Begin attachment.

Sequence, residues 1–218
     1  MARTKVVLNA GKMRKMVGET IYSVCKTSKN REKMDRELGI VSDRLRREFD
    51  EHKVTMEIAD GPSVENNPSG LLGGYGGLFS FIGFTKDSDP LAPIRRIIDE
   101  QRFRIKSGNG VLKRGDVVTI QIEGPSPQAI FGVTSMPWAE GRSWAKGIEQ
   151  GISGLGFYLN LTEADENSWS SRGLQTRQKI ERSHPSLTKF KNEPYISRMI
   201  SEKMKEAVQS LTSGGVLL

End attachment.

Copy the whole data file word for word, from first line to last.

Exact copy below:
Sequence, residues 1–218
     1  MARTKVVLNA GKMRKMVGET IYSVCKTSKN REKMDRELGI VSDRLRREFD
    51  EHKVTMEIAD GPSVENNPSG LLGGYGGLFS FIGFTKDSDP LAPIRRIIDE
   101  QRFRIKSGNG VLKRGDVVTI QIEGPSPQAI FGVTSMPWAE GRSWAKGIEQ
   151  GISGLGFYLN LTEADENSWS SRGLQTRQKI ERSHPSLTKF KNEPYISRMI
   201  SEKMKEAVQS LTSGGVLL